There are several possibilities for the composition of this mysterious, omnipresent matter. Particle physics theory points toward WIMPs as one of the most likely candidates.

WIMPs are “weakly interacting” because, although their masses are thought to be comparable to the masses of standard atomic nuclei, they have little or no effect on ordinary matter.

Among other things, that makes them extremely difficult to detect.

However, scientists believe WIMPs should occasionally “kick” or bounce off standard atomic nuclei, leaving behind a small amount of energy that should be possible to detect.

The CDMS II observatory is located a half-mile underground beneath rock that blocks most particles, such as those accompanying cosmic rays. At the observatory’s heart are 30 hockey-puck-sized germanium and silicon detectors cryogenically frozen to negative 459.58 Fahrenheit, just shy of absolute zero. In theory, WIMPs would be among the few particles that make it all the way through the earth and rock. They would then occasionally kick the atoms on these detectors, generating a tiny amount of heat, a signal that would be observed and recorded on the experiment’s computers.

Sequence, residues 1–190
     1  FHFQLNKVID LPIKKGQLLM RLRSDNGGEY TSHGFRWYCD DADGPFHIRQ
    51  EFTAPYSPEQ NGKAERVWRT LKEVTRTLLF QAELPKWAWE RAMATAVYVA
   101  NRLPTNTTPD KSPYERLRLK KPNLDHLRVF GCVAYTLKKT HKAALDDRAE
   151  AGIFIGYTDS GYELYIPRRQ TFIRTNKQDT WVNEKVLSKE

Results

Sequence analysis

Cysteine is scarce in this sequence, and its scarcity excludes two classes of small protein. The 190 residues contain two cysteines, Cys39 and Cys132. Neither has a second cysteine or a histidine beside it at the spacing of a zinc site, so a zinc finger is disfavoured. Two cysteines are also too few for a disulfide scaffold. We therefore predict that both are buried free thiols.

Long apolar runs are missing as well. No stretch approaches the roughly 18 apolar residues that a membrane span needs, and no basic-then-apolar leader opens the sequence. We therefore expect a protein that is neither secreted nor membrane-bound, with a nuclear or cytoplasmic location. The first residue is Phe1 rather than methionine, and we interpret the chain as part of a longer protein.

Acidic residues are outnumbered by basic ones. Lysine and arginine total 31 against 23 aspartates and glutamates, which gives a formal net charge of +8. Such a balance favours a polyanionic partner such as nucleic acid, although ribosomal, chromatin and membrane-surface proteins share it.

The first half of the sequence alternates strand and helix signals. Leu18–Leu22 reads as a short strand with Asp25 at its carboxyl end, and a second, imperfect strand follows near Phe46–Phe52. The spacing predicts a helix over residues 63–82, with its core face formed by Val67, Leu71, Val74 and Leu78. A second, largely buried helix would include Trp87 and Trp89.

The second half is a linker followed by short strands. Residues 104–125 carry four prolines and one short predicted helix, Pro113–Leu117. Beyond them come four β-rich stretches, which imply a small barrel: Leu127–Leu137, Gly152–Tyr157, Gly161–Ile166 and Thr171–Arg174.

Durdana Balakishiyeva, a postdoctoral associate in physics at UF, and Saab have participated in the analysis of data produced by the experiment as well as simulations of the detectors’ response. Beginning in 2007 they have helped to test many of the detectors at the UF campus in Gainesville which are being used in the successor SuperCDMS experiment. The UF tests involved cooling and operating the detectors just as they are operated in Minnesota to verify that they were up to par.